Bay, meanwhile, has rebounded from his mid-year slump to resume slamming the ball. Since hitting his first homer of the second half on August 5, he’s now hitting .291/.396/.733/1.129 with 10 homers and 22 RBIs in his last 23 games. For the year, he is hitting .260/.385/.537/.922. He leads A.L. outfielders in OPS, and is second in slugging and sixth in OBP.
Ellsbury, meanwhile, has continued to serve as an impact table-setter. He is hitting .299 with a respectable .346 OBP, .414 slugging mark and .761 OPS, as well as his major-league leading 58 steals.
In short, the Sox are enjoying a period in which both their outfielders and lineup as a whole are surging. The two developments would appear to be closely related.
Here are four other things we learned on a night when the Red Sox claimed their first series win in Tampa Bay since Sept. 21-23, 2007:
BUCHHOLZ DOESN’T DISCRIMINATE AGAINST THE BLUE JAYS
Clay Buchholz beat Toronto last Saturday to improve to 3-0 with a 1.35 ERA against the Jays. Members of the Blue Jays mused that Buchholz must have something against them, since the pitcher was 0-3 with a 6.32 ERA against the rest of baseball.
In fairness, the numbers were somewhat deceiving, since the pitcher had absorbed a couple of hard-luck losses in which his outstanding performances against CC Sabathia of the Yankees and Justin Verlander of the Tigers had nonetheless resulted in defeat due to a lack of run support.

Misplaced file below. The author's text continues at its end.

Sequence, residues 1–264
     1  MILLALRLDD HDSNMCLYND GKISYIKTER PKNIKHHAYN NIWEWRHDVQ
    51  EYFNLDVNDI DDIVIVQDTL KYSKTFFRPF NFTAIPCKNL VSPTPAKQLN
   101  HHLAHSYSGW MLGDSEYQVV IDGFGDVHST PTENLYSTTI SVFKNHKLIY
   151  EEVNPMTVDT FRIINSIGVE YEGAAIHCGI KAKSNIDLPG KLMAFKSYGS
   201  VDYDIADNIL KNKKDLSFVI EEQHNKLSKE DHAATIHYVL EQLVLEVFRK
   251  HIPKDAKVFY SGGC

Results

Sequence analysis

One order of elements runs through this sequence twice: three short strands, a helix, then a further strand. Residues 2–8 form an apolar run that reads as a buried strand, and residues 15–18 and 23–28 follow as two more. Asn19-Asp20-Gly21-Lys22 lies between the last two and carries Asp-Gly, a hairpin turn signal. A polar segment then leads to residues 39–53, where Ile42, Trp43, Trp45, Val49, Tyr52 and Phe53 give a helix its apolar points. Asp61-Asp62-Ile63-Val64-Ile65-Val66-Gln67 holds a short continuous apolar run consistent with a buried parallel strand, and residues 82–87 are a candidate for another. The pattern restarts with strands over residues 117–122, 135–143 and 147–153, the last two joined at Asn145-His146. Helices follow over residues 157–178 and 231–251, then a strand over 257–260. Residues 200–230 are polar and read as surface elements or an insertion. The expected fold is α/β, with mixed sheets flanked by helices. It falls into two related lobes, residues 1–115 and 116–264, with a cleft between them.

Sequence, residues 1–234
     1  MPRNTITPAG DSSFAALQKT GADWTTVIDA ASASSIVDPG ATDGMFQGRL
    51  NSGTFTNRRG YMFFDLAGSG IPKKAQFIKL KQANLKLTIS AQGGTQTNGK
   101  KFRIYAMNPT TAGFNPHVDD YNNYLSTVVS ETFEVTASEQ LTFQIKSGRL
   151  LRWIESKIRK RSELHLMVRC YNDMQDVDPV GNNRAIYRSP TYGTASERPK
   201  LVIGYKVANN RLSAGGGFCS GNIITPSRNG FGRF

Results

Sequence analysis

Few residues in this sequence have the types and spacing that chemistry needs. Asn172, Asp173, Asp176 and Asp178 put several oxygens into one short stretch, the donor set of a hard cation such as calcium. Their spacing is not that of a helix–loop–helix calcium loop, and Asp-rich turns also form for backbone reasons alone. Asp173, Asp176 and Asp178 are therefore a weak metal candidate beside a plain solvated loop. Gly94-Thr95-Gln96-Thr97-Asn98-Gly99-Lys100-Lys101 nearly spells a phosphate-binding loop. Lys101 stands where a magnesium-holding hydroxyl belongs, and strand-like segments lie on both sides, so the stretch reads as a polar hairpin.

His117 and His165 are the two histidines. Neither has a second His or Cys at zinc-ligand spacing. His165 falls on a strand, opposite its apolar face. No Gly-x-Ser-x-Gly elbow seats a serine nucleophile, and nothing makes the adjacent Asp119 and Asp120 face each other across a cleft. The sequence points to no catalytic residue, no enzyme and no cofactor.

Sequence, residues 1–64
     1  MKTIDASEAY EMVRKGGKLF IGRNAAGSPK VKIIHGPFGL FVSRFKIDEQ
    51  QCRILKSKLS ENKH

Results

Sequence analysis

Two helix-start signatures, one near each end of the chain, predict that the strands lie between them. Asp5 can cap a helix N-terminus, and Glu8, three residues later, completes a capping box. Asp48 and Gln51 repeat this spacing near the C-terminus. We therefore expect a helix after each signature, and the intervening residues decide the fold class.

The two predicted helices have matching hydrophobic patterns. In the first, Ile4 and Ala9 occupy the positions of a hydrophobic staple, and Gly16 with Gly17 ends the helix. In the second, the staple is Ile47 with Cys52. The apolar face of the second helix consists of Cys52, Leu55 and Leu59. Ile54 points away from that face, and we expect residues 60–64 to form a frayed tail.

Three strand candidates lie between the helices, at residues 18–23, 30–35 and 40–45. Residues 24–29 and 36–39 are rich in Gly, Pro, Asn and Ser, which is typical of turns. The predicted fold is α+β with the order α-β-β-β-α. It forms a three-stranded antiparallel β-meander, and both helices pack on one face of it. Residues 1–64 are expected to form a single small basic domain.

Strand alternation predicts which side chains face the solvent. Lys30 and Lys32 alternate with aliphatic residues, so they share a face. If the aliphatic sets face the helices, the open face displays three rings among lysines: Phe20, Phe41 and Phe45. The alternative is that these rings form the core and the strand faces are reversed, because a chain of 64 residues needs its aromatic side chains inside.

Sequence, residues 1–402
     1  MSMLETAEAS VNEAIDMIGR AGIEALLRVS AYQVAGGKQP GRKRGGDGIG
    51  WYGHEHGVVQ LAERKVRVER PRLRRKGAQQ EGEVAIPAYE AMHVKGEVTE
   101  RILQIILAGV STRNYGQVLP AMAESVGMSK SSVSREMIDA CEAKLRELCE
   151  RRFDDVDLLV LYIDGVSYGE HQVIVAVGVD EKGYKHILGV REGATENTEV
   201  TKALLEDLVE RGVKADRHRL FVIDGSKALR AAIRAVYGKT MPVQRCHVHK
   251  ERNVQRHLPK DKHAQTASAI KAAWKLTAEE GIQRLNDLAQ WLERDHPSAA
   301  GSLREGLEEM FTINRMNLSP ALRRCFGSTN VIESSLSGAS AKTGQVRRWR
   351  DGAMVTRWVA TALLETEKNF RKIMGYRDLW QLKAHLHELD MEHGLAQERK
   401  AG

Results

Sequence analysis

At any rate, the notion of a vendetta against the Blue Jays would now appear to be dated after Buchholz recovered from a two-run first inning to limit the Rays to three runs in six innings en route to a victory on Thursday. Buchholz (4-3, 4.40) finally had a win against another team.
“That was the first thing that went through my mind when (closer Jonathan Papelbon) got that last out," Buchholz told reporters. "I finally got a win in the States. We can go after whatever team I have next and try to just keep the train moving."
The 25-year-old has now delivered quality starts in five of his last six outings, a span during which he has a 3.55 ERA. If he keeps this up, then Buchholz’ outings soon will be evaluated on their own merits, rather than in comparison to the 2008 season.
Nonetheless, the pitcher’s continued maturation was noteworthy in two instances in his victory. Foremost, he recovered from his first-inning stumble to limit any further damage.
“After a tough start, he really started pitching,” Francona said. “The way the game started, if he doesn’t hold it together, we’re going to get into our bullpen early. Not only did we not get in there early, but he holds them down.”
Secondly, Tampa Bay had another rally against the pitcher in the fourth. Evan Longoria (now with 27 RBIs against the Sox this year) led off with a double, and scored when Gregg Zaun bounced a turf double over the head of third baseman Mike Lowell. But Buchholz did not allow any further damage, stranding Zaun at second and beginning a run of nine straight outs.
There are several variables in play in the Sox rotation. The Sox have as many as four starters who represent uncertainties down the stretch.
Tim Wakefield is now the scheduled starter for Saturday, and the Sox are hoping to see whether he will be able to remain healthy enough to pitch.